Do you ever have a to-do list circling around in your brain that makes you dizzy? As soon as you take 15 seconds to focus on one task that needs to be done, it inevitably branches into a chain of other related tasks, and the list grows longer. I don't know what to call it, but it's a state of deep sighs, overwhelming pressure, and overactive irritability.
Satan loves this phase. This is when my mind is ripe for any of his favorite mantras: You can't do this. There's no way. What were you thinking? You'll never meet expectations. You can't even control your own life; how can you be a good mother/wife/Visiting teacher/friend/volunteer/(insert role here)? You are incapable. You are failing.
The weird thing is how easy it is to forget who Satan really is. He is a liar. Pure and simple. An every-thing-he-says-is-not-the-way-things-REALLY-are liar.
I attended a meeting once where I asked Sister Julie Beck this question: I know there is good guilt and bad guilt, but what role should guilt play and what role should it not play?”
I took copious notes as she talked extensively about the unnecessary pressures that women put on themselves. Here are some of the points she touched on:
- Any thought that tells you “You are not good enough” is from Satan. If the thought tells you “You can do better, and I’ll help you,” it is from Heavenly Father.
- There will never be enough of you to do all your heart wants to do.
- Pray, eliminate your distractions, and follow the Spirit.
- We impose things on ourselves that the Lord would never impose.
- Be an example of joyful gospel living.
- Beg for miracles every morning. Recognize and give thanks for them every night.
- Navigate this experience you’ve been given with dignity, faith, hope and charity.
- She recommended making a three-column to-do list every day: Column #1) The essentials (short list of things that are eternally important: Pray, read scriptures, maybe some days the list will include temple or service or family time), Column #2) Should do (feed children, clean clothes, go to work, etc.), Column #3) Nice to do (wish list). Whatever you do, make sure the essentials happen, and work hard on your should-do list, and you’ll be surprised how often you get around to things on your “nice to do” list. She also said that women cannot work all three shifts in a day. We can do one well, one pretty well, and we need one shift to rest and take care of ourselves. She recommended deciding which shift was the most important time of the day when we need to be at our very best (for her it was the afternoon into the evening when kids came home from school and prepared for bed, etc.), and then use the other shifts to help us prepare for and get ready for the important shift (maybe prepare dinner in the morning, rest well at night, etc.).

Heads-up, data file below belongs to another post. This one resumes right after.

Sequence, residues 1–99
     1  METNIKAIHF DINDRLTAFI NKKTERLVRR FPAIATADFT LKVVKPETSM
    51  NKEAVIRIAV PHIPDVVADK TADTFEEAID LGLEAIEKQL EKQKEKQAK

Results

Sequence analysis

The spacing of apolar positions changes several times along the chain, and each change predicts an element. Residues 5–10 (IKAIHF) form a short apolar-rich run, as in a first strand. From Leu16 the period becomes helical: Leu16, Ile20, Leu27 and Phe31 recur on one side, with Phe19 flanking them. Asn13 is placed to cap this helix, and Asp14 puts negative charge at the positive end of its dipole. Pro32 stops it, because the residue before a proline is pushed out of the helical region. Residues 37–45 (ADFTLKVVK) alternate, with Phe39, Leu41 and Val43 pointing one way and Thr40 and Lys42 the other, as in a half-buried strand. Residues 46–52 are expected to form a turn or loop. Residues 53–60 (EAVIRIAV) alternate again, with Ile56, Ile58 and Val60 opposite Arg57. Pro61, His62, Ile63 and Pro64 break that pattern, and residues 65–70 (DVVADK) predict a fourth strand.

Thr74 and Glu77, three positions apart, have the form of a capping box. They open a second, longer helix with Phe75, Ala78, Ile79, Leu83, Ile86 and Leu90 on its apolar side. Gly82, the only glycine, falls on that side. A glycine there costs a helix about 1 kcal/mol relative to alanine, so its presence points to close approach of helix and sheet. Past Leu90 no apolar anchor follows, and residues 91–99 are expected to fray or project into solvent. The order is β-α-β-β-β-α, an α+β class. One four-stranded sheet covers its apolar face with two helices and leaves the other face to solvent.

Sister Beck is a genius. Truly inspired. Now I like to pretend that there is a switch in my brain that helps me distinguish between messages from my Heavenly Father and messages from the other guy (Satan) who pretends to be as cool and smart as Heavenly Father. Such a poser. When the message sounds anything like "You're not good enough," I just need to flip the switch. It's not an on-off switch, but more like a true-false switch, so I just need to make sure it's switched to the truth. Like Sister Beck promised, there's always hope that comes with truth-- a promise that everything important will get done, that it will all work out, and that I have help. If I turn to the source of that help-- my Heavenly Father-- clarity almost always follows. And clarity is SO much better than that discouraging, brain-spinning mode.
President Uctdorft was speaking specifically to women when he said,
"We know that sometimes it can be difficult to keep our heads above water. In fact, in our world of change, challenges, and checklists, sometimes it can seem nearly impossible to avoid feeling overwhelmed by emotions of suffering and sorrow. I am not suggesting that we can simply flip a switch and stop the negative feelings that distress us. This isn’t a pep talk or an attempt to encourage those sinking in quicksand to imagine instead they are relaxing on a beach. I recognize that in all of our lives there are real concerns."
He makes a good point about the light-switch theory; it's not quite as simple as that. I think it's because it depends too much upon ourselves. But when we literally switch our focus and our thoughts to the Lord and our eternal priorities, things seem more manageable because we are reminded of His willingness to help us. President Uctdorf concluded:
"I believe that as you are faithful and diligent in keeping the commandments of God, as you draw closer to Him in faith, hope, and charity, things will work together for your good. I believe that as you immerse yourselves in the work of our Father . . . God will encircle you in the arms of His love. Discouragement, inadequacy, and weariness will give way to a life of meaning, grace, and fulfillment."
I believe him. And when I realize that the work of our Father that we should immerse ourselves in is as simple as covenant keeping, including serving my own family with love, the weariness is lifted. Because I can do that. I am capable. I am not failing at what matters most. And God will help me. Heaven knows I need the help. Just ask my brain.
Stephanie is a mom of three young and relentless children. Her interests include Latin music, naps, restaurants, writing, travel, teaching, housework denial and long showers. Stephanie seeks for the divinity in motherhood--- tries to share it when she finds it, and tries to laugh when she doesn't. She blogs for fun, posterity, and therapy. Her musings are chronicled at Diapers and Divinity.